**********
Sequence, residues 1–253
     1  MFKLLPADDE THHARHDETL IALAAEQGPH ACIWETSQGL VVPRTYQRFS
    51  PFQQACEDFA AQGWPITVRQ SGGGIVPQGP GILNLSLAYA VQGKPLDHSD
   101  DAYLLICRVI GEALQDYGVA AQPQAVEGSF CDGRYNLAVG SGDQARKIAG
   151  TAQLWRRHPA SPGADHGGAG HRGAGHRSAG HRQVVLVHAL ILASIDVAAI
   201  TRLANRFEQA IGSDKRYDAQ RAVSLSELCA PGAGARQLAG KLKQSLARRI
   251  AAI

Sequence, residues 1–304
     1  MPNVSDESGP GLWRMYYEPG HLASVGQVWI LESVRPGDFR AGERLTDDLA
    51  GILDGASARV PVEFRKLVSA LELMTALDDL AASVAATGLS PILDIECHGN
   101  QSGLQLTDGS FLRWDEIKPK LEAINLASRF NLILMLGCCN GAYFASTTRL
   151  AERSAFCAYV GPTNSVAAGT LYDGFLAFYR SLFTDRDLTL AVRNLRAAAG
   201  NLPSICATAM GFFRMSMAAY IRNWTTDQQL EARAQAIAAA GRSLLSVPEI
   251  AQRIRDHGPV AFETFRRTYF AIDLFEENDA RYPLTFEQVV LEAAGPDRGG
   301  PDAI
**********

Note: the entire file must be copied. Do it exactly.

Sequence, residues 1–253
     1  MFKLLPADDE THHARHDETL IALAAEQGPH ACIWETSQGL VVPRTYQRFS
    51  PFQQACEDFA AQGWPITVRQ SGGGIVPQGP GILNLSLAYA VQGKPLDHSD
   101  DAYLLICRVI GEALQDYGVA AQPQAVEGSF CDGRYNLAVG SGDQARKIAG
   151  TAQLWRRHPA SPGADHGGAG HRGAGHRSAG HRQVVLVHAL ILASIDVAAI
   201  TRLANRFEQA IGSDKRYDAQ RAVSLSELCA PGAGARQLAG KLKQSLARRI
   251  AAI

Sequence, residues 1–304
     1  MPNVSDESGP GLWRMYYEPG HLASVGQVWI LESVRPGDFR AGERLTDDLA
    51  GILDGASARV PVEFRKLVSA LELMTALDDL AASVAATGLS PILDIECHGN
   101  QSGLQLTDGS FLRWDEIKPK LEAINLASRF NLILMLGCCN GAYFASTTRL
   151  AERSAFCAYV GPTNSVAAGT LYDGFLAFYR SLFTDRDLTL AVRNLRAAAG
   201  NLPSICATAM GFFRMSMAAY IRNWTTDQQL EARAQAIAAA GRSLLSVPEI
   251  AQRIRDHGPV AFETFRRTYF AIDLFEENDA RYPLTFEQVV LEAAGPDRGG
   301  PDAI